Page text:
Friday, January 18, 2008


At first it appeared Lincoln Child (writing partner with Preston and author of Deep Storm ) may have been right when he wrote: "With Blasphemy, Douglas Preston has finally gone too far. One way or another, I'm afraid he may burn for this book." I was thinking these same thoughts almost until the end of the book. I stayed up way too late finishing Blasphemy. My hardcover copy was published in January 2008 and has 415 pages.

In Blasphemy, the government has built a new $40 billion particle accelerator named Isabella on the Navajo reservation. This supercollider, run by a super computer, was built in an attempt to study the Big Bang theory. A team of twelve scientists, lead by Nobel Laureate William North Hazelius, are isolated in the remote location and frantically trying to get Isabella working properly - without creating a black hole in the process. But something appears to be going wrong so the government sends in Wyman Ford, ex-CIA, ex-monk, to work undercover at Isabella. His known job is acting as a liaison with the local Navajo people, but his real mission is to try and find out why the supercollider is not working yet and what the scientists are not telling them. In the meantime, a Washington Lobbyist schemes to have a televangilist question the purpose of Isabella. This televangilist contacts a delusional preacher on the Rez who helps set into motion a small army of fanatic fundamentalists.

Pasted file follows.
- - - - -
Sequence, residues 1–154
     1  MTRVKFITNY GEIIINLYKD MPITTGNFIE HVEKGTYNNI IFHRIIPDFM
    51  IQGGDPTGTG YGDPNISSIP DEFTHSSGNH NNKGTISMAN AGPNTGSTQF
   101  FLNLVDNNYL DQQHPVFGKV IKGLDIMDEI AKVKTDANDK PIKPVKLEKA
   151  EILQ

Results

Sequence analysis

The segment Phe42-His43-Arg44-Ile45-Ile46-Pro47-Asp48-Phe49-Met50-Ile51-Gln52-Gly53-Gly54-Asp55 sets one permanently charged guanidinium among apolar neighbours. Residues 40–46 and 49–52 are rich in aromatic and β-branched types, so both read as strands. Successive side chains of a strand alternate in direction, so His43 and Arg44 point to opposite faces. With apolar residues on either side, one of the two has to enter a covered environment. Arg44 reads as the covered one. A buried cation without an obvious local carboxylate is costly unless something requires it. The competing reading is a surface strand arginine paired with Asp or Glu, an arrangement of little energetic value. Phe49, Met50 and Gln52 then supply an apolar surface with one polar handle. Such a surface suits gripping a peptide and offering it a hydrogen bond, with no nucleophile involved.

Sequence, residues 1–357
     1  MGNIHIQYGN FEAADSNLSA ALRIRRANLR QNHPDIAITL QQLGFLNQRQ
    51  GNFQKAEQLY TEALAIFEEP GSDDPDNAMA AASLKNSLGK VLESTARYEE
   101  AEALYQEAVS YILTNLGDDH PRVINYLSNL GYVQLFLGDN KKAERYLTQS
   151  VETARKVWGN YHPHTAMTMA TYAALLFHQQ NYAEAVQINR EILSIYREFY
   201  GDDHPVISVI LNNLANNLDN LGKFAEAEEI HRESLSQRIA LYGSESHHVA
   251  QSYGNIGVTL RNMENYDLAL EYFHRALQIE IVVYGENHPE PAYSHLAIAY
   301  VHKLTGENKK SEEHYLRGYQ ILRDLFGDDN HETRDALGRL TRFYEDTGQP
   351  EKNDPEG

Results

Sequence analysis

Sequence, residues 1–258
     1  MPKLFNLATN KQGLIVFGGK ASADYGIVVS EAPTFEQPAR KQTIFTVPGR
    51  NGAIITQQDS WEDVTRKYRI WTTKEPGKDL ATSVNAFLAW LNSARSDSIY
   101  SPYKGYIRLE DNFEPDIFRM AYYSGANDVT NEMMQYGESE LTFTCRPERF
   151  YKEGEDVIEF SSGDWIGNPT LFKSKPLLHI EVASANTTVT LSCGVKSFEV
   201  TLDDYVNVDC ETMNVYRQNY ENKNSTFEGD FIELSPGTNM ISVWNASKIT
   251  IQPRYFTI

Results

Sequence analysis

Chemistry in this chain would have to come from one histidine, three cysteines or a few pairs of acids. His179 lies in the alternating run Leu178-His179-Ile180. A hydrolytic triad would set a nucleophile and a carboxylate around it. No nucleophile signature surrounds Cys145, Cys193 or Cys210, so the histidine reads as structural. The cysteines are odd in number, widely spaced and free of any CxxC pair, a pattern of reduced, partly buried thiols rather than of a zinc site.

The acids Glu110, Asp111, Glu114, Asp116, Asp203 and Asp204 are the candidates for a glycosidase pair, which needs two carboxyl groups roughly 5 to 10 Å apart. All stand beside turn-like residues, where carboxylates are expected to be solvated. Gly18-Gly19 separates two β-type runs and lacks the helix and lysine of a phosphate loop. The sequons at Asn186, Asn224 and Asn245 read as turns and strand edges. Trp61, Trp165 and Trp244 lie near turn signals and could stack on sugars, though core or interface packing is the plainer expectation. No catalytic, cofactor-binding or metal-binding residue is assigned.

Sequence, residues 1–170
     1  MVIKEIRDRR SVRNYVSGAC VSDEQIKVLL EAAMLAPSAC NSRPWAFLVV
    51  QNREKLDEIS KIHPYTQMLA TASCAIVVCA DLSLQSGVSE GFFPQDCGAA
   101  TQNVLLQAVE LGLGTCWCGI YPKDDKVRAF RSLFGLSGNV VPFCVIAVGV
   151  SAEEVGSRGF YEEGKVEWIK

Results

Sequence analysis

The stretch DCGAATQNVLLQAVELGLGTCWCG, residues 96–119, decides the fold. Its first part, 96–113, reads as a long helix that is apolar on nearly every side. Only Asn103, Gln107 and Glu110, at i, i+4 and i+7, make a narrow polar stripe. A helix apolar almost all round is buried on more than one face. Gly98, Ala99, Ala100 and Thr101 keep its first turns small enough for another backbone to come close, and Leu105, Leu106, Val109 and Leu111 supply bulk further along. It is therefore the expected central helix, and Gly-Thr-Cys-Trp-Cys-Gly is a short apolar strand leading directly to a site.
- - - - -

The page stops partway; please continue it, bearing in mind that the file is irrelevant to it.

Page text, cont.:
While reading you are going to really feel the book really is bordering on blasphemy, but keep reading. You have to finish this one to appreciate it. I highly recommend this book - but only if you read the whole book. Rating: 4.5


"The huge flat-panel screens all around suddenly woke up. A sudden singing noise seemed to float in the air, coming from everywhere and nowhere at once. 'What's that?...It sounds like the monolith in 2001' ."

"An image was appearing in the void, an image so strange, so beautiful, that at first he couldn't wrap his mind around it."

"We couldn't have found a better place, Wyman - isolated, undisturbed, uninhabited. But to me the most important thing was the beauty of this landscape, because beauty and mystery have a central place in physics. As Einstein said, 'The most beautiful thing we can experience is the mysterious. It is the source of all true science.' "

"He was struck by their haggard appearance, their pale, cave-creature faces and rumpled clothes. They looked worse than a bunch of grad students at the bitter end of final exams."

"We will destroy that infernal machine out there in the howling desert. We will put an end to the blasphemy against You called Isabella."

" 'So you all don't believe that a Creator made the universe.'
' I'm Catholic, Mr. Begay In my view the Big Bang was simply how He did it.' "

1 comment:

Francesca Thomas said...

Sounds interesting. I love stories about religions and blasphemy and heresy. LOL

I also have Tyrannasaurus Canyon in my TBR pile (for over a year now) and I still have not read that book either.